Here's the One of the Oldest Peace Treaties from the Ancient World

Ur in War...and Peace

Here's part of the Stele of the Vultures, showing the captives in a net. DEA/G. DAGLI ORTI/Getty Images

http://www.columbia.edu/cu/arthistory/faculty/Bahrani.htmlLet's head back to the Early Dynastic Period in ancient Mesopotamia: more specifically, the southern part, a.k.a. Sumer. Around 2500 B.C., the predominant polities, resulting from consolidation of power in small areas, were city-states; they began compete for domination of local resources and influence. Two in particular, Umma and Lagash, battled particularly hard, resulting in the Stele of the Vultures, one of the oldest historiographical monuments.

Pretty epic. 

There are seven remaining fragments of the Stele of Vultures, now in the Louvre. Found on what was once the town of Girsu, part of Lagash's sphere of influence, it was erected by one Eannatum, ruler of Lagash, around 2460 B.C. The stele depicts Eannatum's version of his conflict with the neighboring city-state of Umma over a tract of land bordering both territories. The inscription on the stele is quite long, longer than most votive plaques, indicating that this is a new type of monument. One of the first monuments we know to be intended for public view, it's also one the first example historians have of ancient rules of war.

The stele has two sides: one historical and one mythological. The first features several different registers, most of which depict the military campaign waged by Lagash against Umma. A chronological narrative is divided into an easily readable tripartite story.

One register depicts Eannatum, clad in a fleecy garment worn by kings (here, we see the development of the image of the warrior-king), and marches with tons of fierce soldiers with pikes. Lagash tramples its enemies into the ground. The second register shows a victory parade, soldiers marching behind their king, the next register brings to life funerary proceedings, in which the men of Lagash bury their massacred enemies.

On the reverse of the stele, we get the mythological story of how the divine forces intervened on behalf of Lagash. It's in direct contrast to the historiographic narrative featured on the previous side of the stele. According to Eannatum, he was the son of his city's patron god, Ningirsu. It's on behalf of Ningursu that Eannatum claims he went to war; after all, the city of Lagash and its boundaries belonged to the god himself, and it was sacrilege to transgress upon his land. Vultures swarm around the bodies, giving the stele its name.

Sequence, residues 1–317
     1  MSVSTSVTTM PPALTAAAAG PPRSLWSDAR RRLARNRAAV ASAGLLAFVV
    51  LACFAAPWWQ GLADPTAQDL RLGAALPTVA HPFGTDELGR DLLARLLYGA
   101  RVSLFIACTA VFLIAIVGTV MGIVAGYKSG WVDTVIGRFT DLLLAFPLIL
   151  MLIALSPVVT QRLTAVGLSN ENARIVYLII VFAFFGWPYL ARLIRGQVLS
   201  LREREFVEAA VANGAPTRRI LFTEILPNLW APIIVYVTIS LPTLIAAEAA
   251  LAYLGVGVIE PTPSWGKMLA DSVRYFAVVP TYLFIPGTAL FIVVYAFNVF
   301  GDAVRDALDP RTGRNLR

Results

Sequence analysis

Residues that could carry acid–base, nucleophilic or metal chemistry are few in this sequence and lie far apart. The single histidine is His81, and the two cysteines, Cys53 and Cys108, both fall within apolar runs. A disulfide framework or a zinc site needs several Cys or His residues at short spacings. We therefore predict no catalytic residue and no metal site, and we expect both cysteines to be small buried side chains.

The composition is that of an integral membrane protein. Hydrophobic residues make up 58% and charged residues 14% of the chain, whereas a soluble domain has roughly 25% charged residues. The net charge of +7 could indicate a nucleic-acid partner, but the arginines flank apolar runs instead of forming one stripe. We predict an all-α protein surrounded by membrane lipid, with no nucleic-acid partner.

Depicted most prominently on this side is Ningursu, holding the enemy soldiers of Umma in a giant net, the ​shushgal net. In one hand he holds the net; in the other is a mace, with which he smacks nude soldiers in the net. On top of the net sits a symbol of Ningursu, the mythical imdugud bird. Made up of an eagle body and a lion head, the hybrid creature personified the power of rainstorms. As Ningursu, shown as bigger than any human, single-handedly dominates these soldiers, we see the god as a wielder of power on his own; the king served the god of his city (and his putative father), not the other way around.

So this imagery is great, but what about the actual treaty between the kings of Lagash and Umma?

Placed on the boundary between the two cities, this monument involved oaths to half a dozen really important Sumerian deities, who were always invoked in treaties as witnesses. The men of Umma were supposed to swear by Enlil, another important god, that they'd respect the boundary and the stele. In exchange for Umma giving up its claim to Lagash's land, though, Eannatum promised to rent another tract of territory to Umma. Later, though, it was revealed that Umma never paid rent, so the cities went to war again. Eannatum's successor, Enmetena, had to push his enemies back again.

In addition to creating a new treaty, Eannatum showed himself a restorer of old monuments, reaffirming himself as a builder-king in the vein of his predecessors, as he rebuilt a stele put up there by King Mesalim of Kish years earlier.

 

Sources include Zainab Bahrani's classes at Columbia University.